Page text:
|Reference Sources||Journal Articles||Books||Web||Citing Your Sources||Your Comments|
The purpose of this course research guide is to acquaint you with some of the resources in the University Library and others on the World Wide Web useful for doing research on your paper topic. Should you have questions, stop by the Reference Desk on the first floor. You may also call the Reference Desk at (334) 229-4110 during the hours the Library is open.
Sources in the Library's Reference Collection and similar sources online are a great place to start your research. They'll provide background information on your topic and can help you find brief factual information quickly. As you explore these sources, write down words that describe your paper topic. You'll be able to use these later when you search for articles and books. As you continue with your research, you may find that you need to return to these reference sources for additional information.
Subject Dictionaries & Encyclopedias
Subject dictionaries and encyclopedias focus on specific subject areas. Below are a few examples of these. Ask at the Main Reference Desk on the first floor for assistance with finding a subject encyclopedia that is appropriate for your paper topic.
You'll discover bibliographies, lists of works on a specific subject, at the end of a book or as individual publications. They are a great source for leading you further into your research. Use Bibliographic Index to find citations for bibliographies on your topic. Since the call numbers for many bibliographies begin with the letter Z you may wish to browse this area. You may also try a builder search in the Library's online catalog HORNetCat to locate bibliographies in Reference and the Circulating Collection on the 3rd and 4th floors of the Library.
The first two sources provide excerpts from journals, books, and other sources containing criticism of literary works. The Twayne Authors Series provides access to the full-text of books on various authors.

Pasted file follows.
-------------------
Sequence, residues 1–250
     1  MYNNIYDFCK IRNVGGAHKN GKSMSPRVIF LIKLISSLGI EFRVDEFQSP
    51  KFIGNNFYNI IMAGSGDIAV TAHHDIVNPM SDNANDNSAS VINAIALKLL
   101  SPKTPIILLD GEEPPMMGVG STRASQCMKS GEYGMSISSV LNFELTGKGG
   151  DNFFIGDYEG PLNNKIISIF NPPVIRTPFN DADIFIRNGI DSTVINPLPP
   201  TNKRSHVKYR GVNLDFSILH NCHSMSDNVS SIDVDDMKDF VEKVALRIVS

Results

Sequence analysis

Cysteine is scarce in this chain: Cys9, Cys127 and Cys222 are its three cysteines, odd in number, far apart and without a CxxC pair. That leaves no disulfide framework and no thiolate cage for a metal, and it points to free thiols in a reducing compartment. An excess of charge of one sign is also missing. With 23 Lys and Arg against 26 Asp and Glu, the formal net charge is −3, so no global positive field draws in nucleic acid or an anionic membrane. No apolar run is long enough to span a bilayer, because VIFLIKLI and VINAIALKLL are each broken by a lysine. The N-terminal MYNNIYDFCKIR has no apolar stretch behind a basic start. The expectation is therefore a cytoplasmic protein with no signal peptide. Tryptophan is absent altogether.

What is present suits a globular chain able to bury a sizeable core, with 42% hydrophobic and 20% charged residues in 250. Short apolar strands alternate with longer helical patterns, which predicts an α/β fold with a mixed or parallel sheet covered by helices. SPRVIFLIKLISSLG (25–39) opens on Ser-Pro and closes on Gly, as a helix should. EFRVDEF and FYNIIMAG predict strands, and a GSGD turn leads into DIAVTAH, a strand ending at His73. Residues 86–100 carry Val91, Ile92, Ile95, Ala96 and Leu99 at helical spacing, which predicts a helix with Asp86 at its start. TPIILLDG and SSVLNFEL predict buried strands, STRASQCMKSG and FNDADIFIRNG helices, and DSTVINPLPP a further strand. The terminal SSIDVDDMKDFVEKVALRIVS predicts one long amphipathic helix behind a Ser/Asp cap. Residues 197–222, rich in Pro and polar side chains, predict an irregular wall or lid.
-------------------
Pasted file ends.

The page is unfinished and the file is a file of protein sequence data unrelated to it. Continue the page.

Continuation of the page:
The best method for finding journal articles is to use one of the Library's online article databases. For additional information on the databases listed below and for others, explore our list of databases. Our databases are now easily accessible off campus by clicking on the database name and typing in the information requested. If you need additional assistance with accessing the databases, contact Randy Curtis (334 229-6968) or Cedric Davis (334 229-6998).
Some of the databases provide access to the entire text of articles. If the text of an article is not available in a database, check for the journal title in Serials Solutions (ASU) to determine if the article is available in another online database. Also check HORNetCat, our online catalog, for availability of journals in the Serials Department on the third floor. You may order those not available in the Library or via a full-text database through Interlibrary Loan.
Because of their length, books provide a more in-depth look at topics than articles do. Some books include essays or chapters on related topics.
Essays in Books
Some libraries and archives are making digitized images of materials in their collections available online. These materials include books, magazines, journals, diaries, letters, and images.
A copy of MLA Handbook for Writers of Research Papers is available at the Main Reference Desk on the first floor of the Library.
Please take a few minutes to let us know what you think about this guide. Has it helped with your research? Do you have any suggestions for improving the guide? You may e-mail Marsha V. Taylor (email@example.com) or call her at (334) 229-6839 with your comments and suggestions.
Course Research Guides | Information Literacy Program
Alabama State University | University Library & Learning Resources Center
Alabama State University